We take a look at Budget Cuts 2: Mission Insolvency, which was just released for PC-based VR headsets. We went the Oculus route for this review.
Budget Cuts 2 is like a movie sequel where things only really make sense if you’ve already seen the first one. We hadn’t played Budget Cuts yet, so we went ahead and completed the first game before starting this one. In it, you’re a worker at a company that’s slowly letting go of its human employees in favor of automated robots – getting rid of many of your colleagues one by one. The game starts where you receive a mysterious package and the message is that you need to leave the building as soon as possible. It feels a bit like that one scene in the original Matrix movie where Neo hides from the agents at his office, which is of course a cool reference and a good setup for a stealth-based VR game.
The sequel starts at the exact moment the first one ends – not just narratively, but also in terms of the gameplay mechanics. It builds from there as well, so I strongly recommend getting the first game if you haven’t played it already. And don’t worry, it’s well worth it and the Steam version is currently 75% off during the holiday sale.
Of course this means that the game comes with a bit of a learning curve, even though it does feature a brief tutorial to get you up and running (from the robots that are out to get you). Budget Cuts 2 relies less on the throwing mechanics of the first game and features more ranged weapons, which is a good move in my book and makes sense from a narrative point of view. In the first game you were on the run, throwing things in a panic – here you feel more in control and ready to fight back, so to speak. The game also introduces a VR staple in the shape of a bow and arrow mechanic, but with a twist in that you can load up your weapon with a variety of real life objects for varying effects (depending on how blunt or heavy they are, for instance).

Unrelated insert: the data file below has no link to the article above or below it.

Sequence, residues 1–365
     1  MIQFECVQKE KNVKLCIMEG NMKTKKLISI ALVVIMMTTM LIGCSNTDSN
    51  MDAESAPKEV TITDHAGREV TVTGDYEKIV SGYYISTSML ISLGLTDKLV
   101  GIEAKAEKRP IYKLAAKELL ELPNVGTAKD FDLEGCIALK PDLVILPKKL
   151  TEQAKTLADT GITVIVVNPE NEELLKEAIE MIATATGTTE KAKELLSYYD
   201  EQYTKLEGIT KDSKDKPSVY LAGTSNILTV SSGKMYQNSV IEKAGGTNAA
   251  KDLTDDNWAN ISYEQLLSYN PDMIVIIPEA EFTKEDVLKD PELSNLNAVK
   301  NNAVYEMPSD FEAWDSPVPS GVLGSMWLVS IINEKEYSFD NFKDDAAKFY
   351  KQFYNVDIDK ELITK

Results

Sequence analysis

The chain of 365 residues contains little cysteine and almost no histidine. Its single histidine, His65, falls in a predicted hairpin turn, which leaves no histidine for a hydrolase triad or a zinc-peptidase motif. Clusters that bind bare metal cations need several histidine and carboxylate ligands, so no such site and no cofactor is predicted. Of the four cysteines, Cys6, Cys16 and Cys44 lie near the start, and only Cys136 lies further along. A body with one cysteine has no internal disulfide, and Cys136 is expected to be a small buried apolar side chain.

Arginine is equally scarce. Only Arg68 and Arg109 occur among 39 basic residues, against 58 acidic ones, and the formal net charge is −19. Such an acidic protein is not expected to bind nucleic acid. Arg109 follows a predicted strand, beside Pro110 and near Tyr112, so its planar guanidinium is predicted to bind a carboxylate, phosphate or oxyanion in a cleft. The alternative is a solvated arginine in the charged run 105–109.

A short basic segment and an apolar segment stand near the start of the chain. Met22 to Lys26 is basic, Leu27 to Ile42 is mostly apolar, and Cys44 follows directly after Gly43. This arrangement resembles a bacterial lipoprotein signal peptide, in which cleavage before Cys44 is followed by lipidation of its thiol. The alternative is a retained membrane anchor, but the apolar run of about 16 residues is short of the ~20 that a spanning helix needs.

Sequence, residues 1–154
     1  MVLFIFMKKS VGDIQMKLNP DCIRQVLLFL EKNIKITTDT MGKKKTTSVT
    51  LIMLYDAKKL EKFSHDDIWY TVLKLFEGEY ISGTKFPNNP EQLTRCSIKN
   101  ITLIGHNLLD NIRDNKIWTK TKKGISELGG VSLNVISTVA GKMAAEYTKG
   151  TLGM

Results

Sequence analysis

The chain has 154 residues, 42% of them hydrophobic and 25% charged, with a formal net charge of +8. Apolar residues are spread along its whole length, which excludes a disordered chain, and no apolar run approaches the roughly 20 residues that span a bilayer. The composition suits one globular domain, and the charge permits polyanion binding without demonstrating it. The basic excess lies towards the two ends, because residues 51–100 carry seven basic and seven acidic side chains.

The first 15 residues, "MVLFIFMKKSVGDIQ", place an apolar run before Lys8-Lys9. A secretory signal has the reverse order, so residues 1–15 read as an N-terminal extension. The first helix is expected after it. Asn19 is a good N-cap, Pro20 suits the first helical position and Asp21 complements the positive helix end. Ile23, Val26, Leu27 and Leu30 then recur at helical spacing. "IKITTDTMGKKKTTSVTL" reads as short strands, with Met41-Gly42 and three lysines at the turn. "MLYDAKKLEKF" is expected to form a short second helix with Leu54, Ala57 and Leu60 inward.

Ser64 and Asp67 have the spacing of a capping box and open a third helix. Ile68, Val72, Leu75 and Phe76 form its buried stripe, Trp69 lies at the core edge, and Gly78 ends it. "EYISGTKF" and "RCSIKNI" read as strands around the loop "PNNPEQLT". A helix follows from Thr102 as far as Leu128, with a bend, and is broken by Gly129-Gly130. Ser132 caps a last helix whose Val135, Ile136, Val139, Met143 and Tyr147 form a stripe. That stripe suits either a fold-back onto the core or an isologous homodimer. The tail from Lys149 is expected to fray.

Budget Cuts 2 shifts the narrative focus from you at your office to a larger plot that involves all of humankind, and there’s a broader scope in terms of level design and visual styles here as a result – no longer being confined to office environments. It’s not all nail-biting suspense though, since the game features plenty of funny moments both narrative and in terms of gameplay (where you can get creative with the tools you use as weapons). The plot is a change that advances the game and helps it become a more diverse experience than the first one, making it a worthy sequel.
Budget Cuts 2: Mission Insolvency is definitely challenging and I’d advise players to start with the first game. The game’s environment could have been a little richer in terms of content (outside of the basics that support the core gameplay), but this is a solid stealth adventure that’s now part of a double feature and I’m not ruling out we’ll get a third one as well. I’ll be there when we do.